2

I would like to attract the attention of the respected community to the question about the gender of the word "кофе". The answer about the neuter gender has been accepted, so it's now sort of official answer of this FAQ, for which we all are responsible. Does it really reflect our average opinion? Does it set a high quality standard of this site as a Russian-language reference?

2
  • Interesting question. What is your resolution proposal in case the we agree that having that answer accepted was wrong? – Trident D'Gao Jun 15 '12 at 21:06
  • 1
    @bonomo I actually don't know. May be we can establish some sort of trusted "experts" (they need not be professional experts, but just someone not only active in RLU.SE but also showing really good knowledge of language and references) who could sort of vote in such cases. The question is: can admins dis-accept an answer? If not, they should contact the question author and ask him/her to remove the acceptance check mark. – texnic Jun 16 '12 at 8:42
3

I see what you mean, and this might become an interesting question when incorrect answers get accepted, but in this precise case I would argue that there is nothing to discuss.

Unlike English, Russian is a regulated language with precise rules set by design and updated by a committee every few years, based on the changes in how the language is used by the general public.

Since 2009, кофе can officially be used both as a masculine and a neutre word. Whether we like it or not, the answer is correct, and whoever chooses to use кофе that way is correct, desite the fact that such usage may be frowned upon by many.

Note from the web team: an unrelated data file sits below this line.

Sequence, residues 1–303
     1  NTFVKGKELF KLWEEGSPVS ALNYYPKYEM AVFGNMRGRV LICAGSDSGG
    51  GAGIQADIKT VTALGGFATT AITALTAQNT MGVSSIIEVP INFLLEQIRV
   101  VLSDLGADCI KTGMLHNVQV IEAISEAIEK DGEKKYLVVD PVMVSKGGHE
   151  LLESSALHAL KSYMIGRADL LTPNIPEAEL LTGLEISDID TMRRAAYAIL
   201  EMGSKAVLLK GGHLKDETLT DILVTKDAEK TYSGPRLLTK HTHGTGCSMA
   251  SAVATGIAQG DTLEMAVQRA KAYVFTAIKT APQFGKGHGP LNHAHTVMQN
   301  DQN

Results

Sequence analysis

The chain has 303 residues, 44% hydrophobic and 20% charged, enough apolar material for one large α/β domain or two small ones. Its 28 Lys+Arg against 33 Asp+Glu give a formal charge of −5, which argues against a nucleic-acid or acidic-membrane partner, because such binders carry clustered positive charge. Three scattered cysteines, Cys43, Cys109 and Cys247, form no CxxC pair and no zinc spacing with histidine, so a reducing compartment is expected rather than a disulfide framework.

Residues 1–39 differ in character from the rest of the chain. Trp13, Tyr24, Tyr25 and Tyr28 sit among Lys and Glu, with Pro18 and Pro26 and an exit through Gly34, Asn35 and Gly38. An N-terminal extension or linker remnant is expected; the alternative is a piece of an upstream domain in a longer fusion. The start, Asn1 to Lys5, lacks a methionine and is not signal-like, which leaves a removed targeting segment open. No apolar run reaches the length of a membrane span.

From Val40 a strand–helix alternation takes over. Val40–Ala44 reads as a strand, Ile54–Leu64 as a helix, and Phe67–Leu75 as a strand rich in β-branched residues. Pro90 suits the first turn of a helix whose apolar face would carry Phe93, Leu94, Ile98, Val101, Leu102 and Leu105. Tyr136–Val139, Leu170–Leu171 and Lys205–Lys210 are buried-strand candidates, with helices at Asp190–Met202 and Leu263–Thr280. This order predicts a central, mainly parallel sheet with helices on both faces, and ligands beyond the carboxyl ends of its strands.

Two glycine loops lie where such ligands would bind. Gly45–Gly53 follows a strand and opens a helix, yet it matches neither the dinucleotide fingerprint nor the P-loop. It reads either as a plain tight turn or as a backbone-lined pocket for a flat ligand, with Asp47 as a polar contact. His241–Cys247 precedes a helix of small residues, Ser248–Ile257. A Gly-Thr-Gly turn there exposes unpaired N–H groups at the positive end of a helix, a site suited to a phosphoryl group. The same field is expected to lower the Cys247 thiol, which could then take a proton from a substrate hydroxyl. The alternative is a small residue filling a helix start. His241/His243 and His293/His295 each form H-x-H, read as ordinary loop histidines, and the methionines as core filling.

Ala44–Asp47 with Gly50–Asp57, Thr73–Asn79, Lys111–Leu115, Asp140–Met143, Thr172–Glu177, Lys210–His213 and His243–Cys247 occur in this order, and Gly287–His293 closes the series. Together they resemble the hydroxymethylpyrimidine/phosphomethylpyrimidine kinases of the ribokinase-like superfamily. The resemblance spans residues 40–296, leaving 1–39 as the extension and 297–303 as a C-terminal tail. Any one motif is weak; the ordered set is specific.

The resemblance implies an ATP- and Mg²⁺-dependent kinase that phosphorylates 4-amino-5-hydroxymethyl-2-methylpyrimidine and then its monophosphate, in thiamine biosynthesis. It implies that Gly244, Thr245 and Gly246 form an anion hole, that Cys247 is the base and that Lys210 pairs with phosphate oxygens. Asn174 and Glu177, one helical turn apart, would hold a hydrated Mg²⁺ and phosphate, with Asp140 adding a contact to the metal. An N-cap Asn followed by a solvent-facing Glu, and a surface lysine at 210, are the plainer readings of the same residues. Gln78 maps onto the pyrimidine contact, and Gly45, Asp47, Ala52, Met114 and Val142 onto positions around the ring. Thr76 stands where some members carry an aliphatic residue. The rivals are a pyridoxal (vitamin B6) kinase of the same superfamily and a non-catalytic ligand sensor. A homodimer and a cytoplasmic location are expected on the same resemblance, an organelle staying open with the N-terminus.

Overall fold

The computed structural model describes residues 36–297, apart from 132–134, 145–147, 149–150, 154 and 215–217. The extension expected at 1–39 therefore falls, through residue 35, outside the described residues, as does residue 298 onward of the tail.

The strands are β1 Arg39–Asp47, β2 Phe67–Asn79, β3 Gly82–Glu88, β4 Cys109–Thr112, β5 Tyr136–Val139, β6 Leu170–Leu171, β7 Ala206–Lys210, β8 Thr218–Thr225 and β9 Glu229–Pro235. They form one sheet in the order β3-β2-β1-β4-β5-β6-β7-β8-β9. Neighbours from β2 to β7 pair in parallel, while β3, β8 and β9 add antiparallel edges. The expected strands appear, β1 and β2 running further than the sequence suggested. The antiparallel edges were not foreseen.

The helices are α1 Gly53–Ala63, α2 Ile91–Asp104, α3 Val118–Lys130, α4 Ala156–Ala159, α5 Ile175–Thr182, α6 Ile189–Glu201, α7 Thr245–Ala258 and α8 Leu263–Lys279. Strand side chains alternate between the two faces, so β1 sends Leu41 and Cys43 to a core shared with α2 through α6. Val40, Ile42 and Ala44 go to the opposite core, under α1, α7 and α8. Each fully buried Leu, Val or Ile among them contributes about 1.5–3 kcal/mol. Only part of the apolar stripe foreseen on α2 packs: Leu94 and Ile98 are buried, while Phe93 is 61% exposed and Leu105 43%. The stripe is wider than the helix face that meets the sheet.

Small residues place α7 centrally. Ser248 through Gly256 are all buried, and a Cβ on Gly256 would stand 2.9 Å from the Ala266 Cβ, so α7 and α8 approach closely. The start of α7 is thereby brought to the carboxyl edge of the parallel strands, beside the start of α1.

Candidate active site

2
  • I would like to add that I accepted the answer despite the fact that I am NEVER going to use кофе as neutral. My question was not about what to use, but about the official status of the word – Armen Tsirunyan Jun 16 '12 at 0:28
  • I should agree with both Philip and @ArmenTsirunyan, my reaction to this answer is more emotional than it should be. Indeed, the question is well formulated and the answer by AleksG was very correct and careful. It is an undesirable situation in our country that makes it possible to introduce the language norms in such a fashion. That's what I wanted to stress and I think it's clear from the discussion there. My question here is really just about what to do if something goes wrong. We do need to set high standards for this site. What mechanisms do we have? – texnic Jun 16 '12 at 8:47
1

If I understand correctly, we are talking about what answers do we provide: those which are correct with respect to the rules or those which are used no matter what.

Now let's consider that at least some part of the questions will come from people who do not know Russian yet and are in the process of learning it. We need to give both options, so that these future users could both speak correctly and understand what is said. In cases when the rules enforced or accepted by language politicians are different from what one hears on the streets, we need to say something like this: "it is correct to say A, but many people say B".

And I guess the hardest part here is not to impose our language preferences on these users, no matter how we may not like it.

You must log in to answer this question.

Not the answer you're looking for? Browse other questions tagged .